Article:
May 22, 2020
- Upholds previous WorkPac v Skene decision run by the CFMEU
- Reaffirms that casual labour hire coal miners working full-time regular hours on advance rosters are not genuine casuals and entitled to paid leave
- Paves the way for claims for backpaid entitlements for long-term casuals in some circumstances
This week, the full bench of the Federal Court delivered an important decision in the matter of WorkPac v Rossato. The Court’s decision was a big win for our Union and a big loss for WorkPac and the ‘permanent casual’ work model.
It upholds key principles of the landmark August 2018 WorkPac v Skene decision, namely that work which is regular, on-going and permanent in nature is not genuinely ‘casual’ and therefore attracts entitlements such as paid annual leave. The full bench also ruled that WorkPac could not ‘set off’ money supposedly paid as casual loading against leave entitlements owed.
WorkPac v Skene
Paul Skene was a casual labour hire coal miner employed by WorkPac and member of our Queensland District, working a typical 7/7 roster set 12 months in advance. In his case, fought over four years by our Union, he argued that his work arrangement did not fit the legal definition of a ‘casual’ and was therefore owed annual leave entitlements under the National Employment Standards.
In August 2018, a full bench of the Federal Court agreed that Paul was owed leave entitlements, paving the way for other casual labour hire coal miners to also claim unpaid entitlements and effectively declaring the ‘permanent casual’ work model so commonplace in mining an illegal rort.
WorkPac v Rossato
The Skene judgment was a blow to WorkPac. Instead of appealing it to the High Court they initiated a new case in the Federal Court with hand-picked employee Robert Rossato, in the hope of undermining the Skene decision’s definition of casual as intermittent and irregular and obtain a favourable judgment on the issue of ‘set-off’ to reduce their potential financial liability for backpay claims. The full bench rejected their arguments and found that like Paul Skene, Robert Rossato was also not a genuine casual and was also eligible for paid leave entitlements.
What does the decision mean for members?
In reinforcing the Skene judgement, the Rossato judgment paves the way for long-term casuals to claim unpaid leave entitlements. This decision is relevant to members who are or have been working in the following circumstances:
Employed as a ‘casual’ and assigned to a host employer in the coal mining industry Paid a flat hourly rate for all rostered hours Provided with a fixed roster that sets out working days well into the future Worked regular, full time hours under that roster for an extended period of time.
The Union is pursuing claims for unpaid leave entitlements on behalf of members, beginning with current and former WorkPac employees via our class action.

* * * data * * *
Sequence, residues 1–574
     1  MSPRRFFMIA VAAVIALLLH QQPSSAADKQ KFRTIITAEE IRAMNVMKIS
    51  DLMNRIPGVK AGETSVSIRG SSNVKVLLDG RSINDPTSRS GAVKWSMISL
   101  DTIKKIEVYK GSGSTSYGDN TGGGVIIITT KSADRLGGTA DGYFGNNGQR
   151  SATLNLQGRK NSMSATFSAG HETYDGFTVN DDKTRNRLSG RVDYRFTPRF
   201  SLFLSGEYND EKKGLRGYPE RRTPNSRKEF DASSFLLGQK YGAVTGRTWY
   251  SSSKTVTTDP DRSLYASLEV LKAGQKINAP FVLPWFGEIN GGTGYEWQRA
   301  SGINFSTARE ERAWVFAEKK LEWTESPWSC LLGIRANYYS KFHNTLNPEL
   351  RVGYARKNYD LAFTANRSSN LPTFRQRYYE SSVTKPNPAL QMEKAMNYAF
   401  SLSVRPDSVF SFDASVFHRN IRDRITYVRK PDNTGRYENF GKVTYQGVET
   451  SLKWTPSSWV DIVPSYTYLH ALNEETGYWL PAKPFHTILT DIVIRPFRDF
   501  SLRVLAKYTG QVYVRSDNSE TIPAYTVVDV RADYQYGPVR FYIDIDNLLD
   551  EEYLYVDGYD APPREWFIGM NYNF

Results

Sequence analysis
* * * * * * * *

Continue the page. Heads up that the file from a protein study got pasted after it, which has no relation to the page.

What about non-members?
The benefits of this decision will flow to all workers in mining and other affected industries by mine operators and labour hire companies reviewing their employment arrangements and relevant entitlements.
The Union will only pursue legal claims for compensation for Union members. If you have affected co-workers who are not Union members, please encourage them to join and remind them that class action law firms jumping on this decision to drum up business will take a substantial cut from any settlement they reach. Only the Union can guarantee that the recovery of entitlements will be free of charge and that all of the money recovered will go to the employee.
Will the government reverse this win for casual workers?
Employer groups are in a frenzy about this decision, which is the second time the Federal Court has called out the ‘permanent casual’ labour hire model as unlawful. They claim it will generate billions of dollars in backpay claims and cripple small business. This is a nonsense.
The decision is highly relevant in coal mining and some other parts of the economy where the outsourced labour hire business model is prevalent. These employers are large multinational mining and labour hire companies, not mum and dad corner stores. In other industries like hospitality, casual work arrangements are more likely to be irregular and intermittent in line with the legal definition and community expectations.
Industrial Relations Minister Christian Porter has said he will review the decision and consult with employers and unions about its implications.
Employer groups are urging the Government to introduce a new definition of casual to the Fair Work Act as an employee who is ‘engaged and paid as such’. We are urging the Government to adopt a definition of casual as ‘intermittent and irregular’ in line with the Skene and Rossato Federal Court judgements, and plain common sense.
We know there is deep community concern about exploitation of casuals in coal mining and other parts of the economy. With this case we have had an important win and we will keep up the fight to restore good, permanent jobs to our industries.